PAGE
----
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Treating sleep apnoea could reduce high blood pressure

Last Update 06/04/2021

Recent research suggests that treating sleep apnoea, using continuous positive airway pressure (CPAP), could reduce high blood pressure (hypertension).


Recent research suggests that treating sleep apnoea, using continuous positive airway pressure (CPAP), could reduce high blood pressure (hypertension). CPAP is the main treatment used to help patients manage the condition.

Sleep apnoea is common among people suffering from high blood pressure and according to international guidelines can be a major risk factor for people with poorly controlled high blood pressure.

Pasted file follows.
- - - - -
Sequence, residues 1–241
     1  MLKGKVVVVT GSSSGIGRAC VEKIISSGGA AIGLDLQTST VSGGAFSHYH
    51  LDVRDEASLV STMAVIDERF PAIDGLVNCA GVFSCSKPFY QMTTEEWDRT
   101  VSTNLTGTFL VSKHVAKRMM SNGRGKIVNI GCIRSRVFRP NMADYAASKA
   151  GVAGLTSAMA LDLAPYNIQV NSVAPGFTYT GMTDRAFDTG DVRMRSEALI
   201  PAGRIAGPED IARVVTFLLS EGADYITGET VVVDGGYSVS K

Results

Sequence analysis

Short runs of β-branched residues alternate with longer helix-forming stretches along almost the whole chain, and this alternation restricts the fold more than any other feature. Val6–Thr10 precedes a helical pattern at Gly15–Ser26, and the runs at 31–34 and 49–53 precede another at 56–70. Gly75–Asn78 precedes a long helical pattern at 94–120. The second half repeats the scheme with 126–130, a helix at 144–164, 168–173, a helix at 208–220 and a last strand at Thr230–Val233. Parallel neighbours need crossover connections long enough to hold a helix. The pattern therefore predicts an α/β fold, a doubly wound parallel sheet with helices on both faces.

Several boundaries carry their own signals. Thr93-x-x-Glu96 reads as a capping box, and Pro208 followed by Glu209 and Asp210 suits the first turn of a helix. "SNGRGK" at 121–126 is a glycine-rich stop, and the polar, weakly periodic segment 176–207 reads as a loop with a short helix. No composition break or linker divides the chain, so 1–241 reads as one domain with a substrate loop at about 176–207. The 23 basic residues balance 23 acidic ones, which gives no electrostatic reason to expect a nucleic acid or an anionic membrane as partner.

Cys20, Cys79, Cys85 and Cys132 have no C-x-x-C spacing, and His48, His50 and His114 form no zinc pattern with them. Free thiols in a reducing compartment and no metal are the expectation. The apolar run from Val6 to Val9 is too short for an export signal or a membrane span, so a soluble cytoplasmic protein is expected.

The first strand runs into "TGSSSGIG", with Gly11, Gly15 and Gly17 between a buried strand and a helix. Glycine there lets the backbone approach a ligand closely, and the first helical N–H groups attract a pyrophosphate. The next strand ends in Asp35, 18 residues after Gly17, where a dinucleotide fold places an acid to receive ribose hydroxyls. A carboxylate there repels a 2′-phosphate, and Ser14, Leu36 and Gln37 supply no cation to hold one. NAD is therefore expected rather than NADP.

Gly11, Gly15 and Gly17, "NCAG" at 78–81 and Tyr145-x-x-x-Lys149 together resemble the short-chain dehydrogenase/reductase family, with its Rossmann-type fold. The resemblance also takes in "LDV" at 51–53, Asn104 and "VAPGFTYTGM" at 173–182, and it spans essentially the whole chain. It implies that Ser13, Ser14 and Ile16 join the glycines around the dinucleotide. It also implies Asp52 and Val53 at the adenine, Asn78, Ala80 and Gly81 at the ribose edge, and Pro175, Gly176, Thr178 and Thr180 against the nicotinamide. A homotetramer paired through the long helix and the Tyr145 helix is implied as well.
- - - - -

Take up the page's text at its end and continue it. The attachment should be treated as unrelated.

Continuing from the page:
A Spanish study suggests that the number of hours spent using CPAP treatment can have a direct and positive influence on a person’s blood pressure. The study was presented at the European Respiratory Society (ERS) congress in Munich last week (7 September 2014).

According to Dr Miguel-Angel Martinez-Garcia, the lead author of the study from the University Hospital La Fe, Valencia, even a slight reduction in blood pressure can have a considerable effect in reducing death rates as a result of heart problems in people with high blood pressure.

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